The Victorian era saw the proliferation of yet a different kind of mask, the kind used for erotic and fetish play. These were most often made of black silk or velvet, fabrics that heightened the sensuality of the experience. The mid-20th century saw a resurgence of fetish wear, with leather becoming the preferred material for masks, notably in gay and S&M culture. The 70s saw a surge in latex fetish masks, items that remain popular in sex shops today. Pop culture has also enriched the popularity of masks, with heroes and villains from Zorro to Batman, Catwoman, Spiderman, Leatherface and Hannibal Lecter, all wearing ones emblematic of their identities. Not to mention Jason from Friday the 13th repurposing the hockey mask. All of these have been incorporated into the tradition of Halloween masks.

 Eartha Kitt as Catwoman, from the Batman TV series, 1967

On a more somber note, masks have also been used to hide facial disfigurements. This was notably the case after World War 1, when facial prosthetics were being produced en masse in response to the huge number of veterans with injuries that were beyond surgical repair. Sculptors and artist were often recruited to tailor-make masks for these disfigured soldiers, with results that were impressive even by today’s standards. 

French soldier being fitted with prosthetic mask, 1918. Photo: Library of Congress

Circling back to the pandemic, masks as protection from illness have their own distinctive history dating back to the plague in early 17th century France. Covering the nose and mouth was already part of sanitary practice against contagion when in 1619 Charles de Lorme designed the iconic bird-beak mask associated with the plague doctors. As described by de Lorme, the mask had a "nose half a foot long, shaped like a beak, filled with perfume with only two holes, one on each side near the nostrils, but that can suffice to breathe and to carry along with the air one breathes the impression of the drugs enclosed further along in the beak." The “drugs” in the case comprised aromatic herbs and scents that were believed to neutralize the so-called miasma in the air, considered responsible for transmitting disease. Plague masks also had spectacles attached, something still considered added protection to masks today.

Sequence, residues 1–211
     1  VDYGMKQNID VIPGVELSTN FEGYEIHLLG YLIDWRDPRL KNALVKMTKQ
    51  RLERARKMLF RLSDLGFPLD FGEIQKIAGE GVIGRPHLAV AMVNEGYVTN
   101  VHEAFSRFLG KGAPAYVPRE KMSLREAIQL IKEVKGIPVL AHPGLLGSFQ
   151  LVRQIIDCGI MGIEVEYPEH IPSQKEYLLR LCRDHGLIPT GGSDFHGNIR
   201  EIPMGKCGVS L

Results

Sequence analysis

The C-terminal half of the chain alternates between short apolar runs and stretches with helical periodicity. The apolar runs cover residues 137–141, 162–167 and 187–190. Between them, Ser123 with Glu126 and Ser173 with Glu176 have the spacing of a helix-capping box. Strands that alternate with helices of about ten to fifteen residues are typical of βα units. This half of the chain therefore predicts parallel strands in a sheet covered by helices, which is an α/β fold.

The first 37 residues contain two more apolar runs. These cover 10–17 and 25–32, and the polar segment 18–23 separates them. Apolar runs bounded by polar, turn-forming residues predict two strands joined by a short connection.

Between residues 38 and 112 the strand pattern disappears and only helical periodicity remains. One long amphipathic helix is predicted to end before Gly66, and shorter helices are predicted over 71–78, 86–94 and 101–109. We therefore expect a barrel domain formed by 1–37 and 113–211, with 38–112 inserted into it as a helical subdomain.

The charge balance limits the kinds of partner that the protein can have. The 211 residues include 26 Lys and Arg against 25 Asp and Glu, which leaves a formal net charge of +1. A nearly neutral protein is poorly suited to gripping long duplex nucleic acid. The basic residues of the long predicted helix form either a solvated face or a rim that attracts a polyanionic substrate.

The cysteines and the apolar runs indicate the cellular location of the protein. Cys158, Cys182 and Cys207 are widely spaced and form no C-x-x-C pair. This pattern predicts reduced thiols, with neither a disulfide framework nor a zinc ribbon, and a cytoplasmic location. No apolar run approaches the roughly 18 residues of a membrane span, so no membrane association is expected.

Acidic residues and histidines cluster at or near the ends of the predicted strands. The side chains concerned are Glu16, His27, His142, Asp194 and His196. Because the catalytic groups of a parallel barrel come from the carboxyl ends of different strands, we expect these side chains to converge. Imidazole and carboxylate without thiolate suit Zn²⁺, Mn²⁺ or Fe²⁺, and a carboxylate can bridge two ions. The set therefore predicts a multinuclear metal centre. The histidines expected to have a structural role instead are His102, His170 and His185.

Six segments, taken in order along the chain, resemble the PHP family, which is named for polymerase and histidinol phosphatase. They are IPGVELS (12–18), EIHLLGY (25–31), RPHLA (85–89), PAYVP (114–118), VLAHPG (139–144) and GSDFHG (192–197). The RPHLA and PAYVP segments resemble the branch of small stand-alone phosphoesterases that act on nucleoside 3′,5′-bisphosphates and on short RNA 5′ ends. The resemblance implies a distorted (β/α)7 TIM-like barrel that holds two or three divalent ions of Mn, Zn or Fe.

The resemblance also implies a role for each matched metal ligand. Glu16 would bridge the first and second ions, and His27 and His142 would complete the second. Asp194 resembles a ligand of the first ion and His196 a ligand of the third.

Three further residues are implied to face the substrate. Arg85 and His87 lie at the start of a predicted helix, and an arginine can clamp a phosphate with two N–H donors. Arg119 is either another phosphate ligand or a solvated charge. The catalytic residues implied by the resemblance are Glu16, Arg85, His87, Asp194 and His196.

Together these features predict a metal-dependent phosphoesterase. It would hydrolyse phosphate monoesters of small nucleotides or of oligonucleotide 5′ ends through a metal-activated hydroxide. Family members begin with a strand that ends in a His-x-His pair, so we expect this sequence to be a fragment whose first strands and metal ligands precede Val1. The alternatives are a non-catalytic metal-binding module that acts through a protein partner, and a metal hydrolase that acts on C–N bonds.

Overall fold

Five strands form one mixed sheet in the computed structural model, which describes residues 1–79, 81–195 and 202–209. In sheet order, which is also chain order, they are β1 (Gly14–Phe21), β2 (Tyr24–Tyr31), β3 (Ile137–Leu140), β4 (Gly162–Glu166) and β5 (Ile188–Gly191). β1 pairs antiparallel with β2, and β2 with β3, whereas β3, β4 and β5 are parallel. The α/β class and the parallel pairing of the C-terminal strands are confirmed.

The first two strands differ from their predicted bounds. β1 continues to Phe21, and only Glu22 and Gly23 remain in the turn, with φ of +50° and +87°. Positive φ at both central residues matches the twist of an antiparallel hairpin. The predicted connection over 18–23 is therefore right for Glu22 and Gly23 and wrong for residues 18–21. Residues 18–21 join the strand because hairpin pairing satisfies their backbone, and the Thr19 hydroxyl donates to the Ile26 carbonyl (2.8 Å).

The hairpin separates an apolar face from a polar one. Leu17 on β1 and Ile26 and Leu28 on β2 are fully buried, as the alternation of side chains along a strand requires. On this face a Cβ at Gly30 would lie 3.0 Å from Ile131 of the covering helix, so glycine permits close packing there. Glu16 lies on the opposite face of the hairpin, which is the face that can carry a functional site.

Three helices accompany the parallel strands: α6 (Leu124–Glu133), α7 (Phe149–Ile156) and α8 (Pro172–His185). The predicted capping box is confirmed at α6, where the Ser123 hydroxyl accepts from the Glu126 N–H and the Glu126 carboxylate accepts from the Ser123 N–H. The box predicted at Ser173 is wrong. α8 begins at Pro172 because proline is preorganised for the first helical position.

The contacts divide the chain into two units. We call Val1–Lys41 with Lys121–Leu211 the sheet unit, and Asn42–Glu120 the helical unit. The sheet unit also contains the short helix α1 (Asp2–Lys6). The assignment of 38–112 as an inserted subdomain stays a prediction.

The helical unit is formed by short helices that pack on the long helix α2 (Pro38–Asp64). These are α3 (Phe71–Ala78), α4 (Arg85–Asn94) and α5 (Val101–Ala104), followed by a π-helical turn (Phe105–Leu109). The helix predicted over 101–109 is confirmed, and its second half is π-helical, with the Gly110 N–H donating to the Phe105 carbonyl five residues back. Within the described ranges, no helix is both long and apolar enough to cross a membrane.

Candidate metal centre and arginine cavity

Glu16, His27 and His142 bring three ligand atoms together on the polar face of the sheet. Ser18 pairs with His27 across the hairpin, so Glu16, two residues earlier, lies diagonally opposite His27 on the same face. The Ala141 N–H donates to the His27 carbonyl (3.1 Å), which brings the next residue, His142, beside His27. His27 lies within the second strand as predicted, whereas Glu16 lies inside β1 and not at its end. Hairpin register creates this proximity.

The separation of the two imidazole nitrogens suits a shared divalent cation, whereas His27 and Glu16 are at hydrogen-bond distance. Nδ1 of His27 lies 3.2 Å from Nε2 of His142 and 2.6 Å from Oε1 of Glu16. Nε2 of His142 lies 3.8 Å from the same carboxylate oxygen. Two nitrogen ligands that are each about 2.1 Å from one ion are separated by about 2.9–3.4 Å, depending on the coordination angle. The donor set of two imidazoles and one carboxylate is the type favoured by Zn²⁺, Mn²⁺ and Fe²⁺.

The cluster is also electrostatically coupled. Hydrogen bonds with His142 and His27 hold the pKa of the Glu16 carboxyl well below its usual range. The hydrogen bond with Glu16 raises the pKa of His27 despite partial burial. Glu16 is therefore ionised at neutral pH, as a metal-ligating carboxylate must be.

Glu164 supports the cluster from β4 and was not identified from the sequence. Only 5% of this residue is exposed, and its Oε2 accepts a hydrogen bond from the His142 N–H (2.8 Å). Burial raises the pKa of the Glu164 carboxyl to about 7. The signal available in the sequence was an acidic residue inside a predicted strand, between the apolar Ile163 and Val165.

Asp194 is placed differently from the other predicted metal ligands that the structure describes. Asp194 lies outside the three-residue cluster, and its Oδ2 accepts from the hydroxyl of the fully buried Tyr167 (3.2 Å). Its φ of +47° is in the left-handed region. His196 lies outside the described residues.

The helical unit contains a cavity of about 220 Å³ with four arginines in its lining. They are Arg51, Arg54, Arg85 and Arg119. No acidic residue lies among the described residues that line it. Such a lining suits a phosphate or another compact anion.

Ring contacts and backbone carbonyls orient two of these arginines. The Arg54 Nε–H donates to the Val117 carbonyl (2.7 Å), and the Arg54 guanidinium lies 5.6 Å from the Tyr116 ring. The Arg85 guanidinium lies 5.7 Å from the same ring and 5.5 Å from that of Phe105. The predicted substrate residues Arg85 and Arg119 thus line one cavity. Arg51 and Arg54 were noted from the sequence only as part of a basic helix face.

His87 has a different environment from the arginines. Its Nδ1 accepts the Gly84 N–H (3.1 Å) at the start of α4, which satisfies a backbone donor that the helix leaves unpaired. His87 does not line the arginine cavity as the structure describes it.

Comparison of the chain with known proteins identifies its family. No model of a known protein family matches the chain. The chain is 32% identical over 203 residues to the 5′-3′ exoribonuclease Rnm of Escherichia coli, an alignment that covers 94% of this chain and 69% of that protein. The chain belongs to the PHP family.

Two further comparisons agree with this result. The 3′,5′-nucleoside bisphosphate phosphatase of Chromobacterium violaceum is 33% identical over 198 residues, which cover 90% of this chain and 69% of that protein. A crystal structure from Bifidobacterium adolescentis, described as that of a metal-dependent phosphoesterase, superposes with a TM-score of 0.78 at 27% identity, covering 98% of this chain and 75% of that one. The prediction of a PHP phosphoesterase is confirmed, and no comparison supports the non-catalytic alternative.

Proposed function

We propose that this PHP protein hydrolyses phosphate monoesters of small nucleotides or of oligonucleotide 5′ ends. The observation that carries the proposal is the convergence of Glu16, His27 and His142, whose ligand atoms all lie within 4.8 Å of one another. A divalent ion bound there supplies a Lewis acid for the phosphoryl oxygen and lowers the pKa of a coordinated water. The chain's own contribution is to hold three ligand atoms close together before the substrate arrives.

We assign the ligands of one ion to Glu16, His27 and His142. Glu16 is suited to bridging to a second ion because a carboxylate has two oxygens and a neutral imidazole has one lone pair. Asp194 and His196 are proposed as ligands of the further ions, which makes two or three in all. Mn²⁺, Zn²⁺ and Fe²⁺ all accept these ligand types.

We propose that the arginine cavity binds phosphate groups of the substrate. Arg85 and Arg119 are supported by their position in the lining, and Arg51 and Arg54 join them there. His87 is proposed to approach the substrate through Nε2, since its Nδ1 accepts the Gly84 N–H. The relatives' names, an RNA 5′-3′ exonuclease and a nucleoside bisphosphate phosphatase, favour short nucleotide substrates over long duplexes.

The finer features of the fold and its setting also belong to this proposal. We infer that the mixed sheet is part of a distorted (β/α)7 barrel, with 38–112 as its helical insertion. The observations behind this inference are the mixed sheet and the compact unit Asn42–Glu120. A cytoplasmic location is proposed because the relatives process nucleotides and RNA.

Near the end of the 19th century, attempting to protect open wounds from infection during surgery, Johann Mikulicz of the University of Breslau came up with a face mask, which he described as “a piece of gauze tied by two strings to the cap, and sweeping across the face so as to cover the nose and mouth and beard”. During the 1918–19 influenza pandemic, masks were mandatory for medical workers and police forces, as well as residents of certain US cities, such as San Francisco, where they were shown to lower the number of deaths from the pandemic. By the 1930s most hospital workers were using cotton masks. In the 1960s disposable hospital masks started replacing cotton ones, part of the trend in towards total disposability to help maintain sterility, as well as to reduce labor costs and meet increased demand.

In today’s Covid 19 pandemic, health officials around much of the world have either recommended or mandated that citizens wear masks in public, especially when safe social distance cannot be maintained. Along with the standard medical varieties, there have emerged myriad varieties of homemade and cottage-industry masks, as well as mass-media tutorials showing people how to make their own. As masks become more “normal” we are also seeing many more creative and stylish versions. (You can find some here on our website.) Considering their ancient transcultural roots, how interesting is it that we are again wearing masks all around the globe?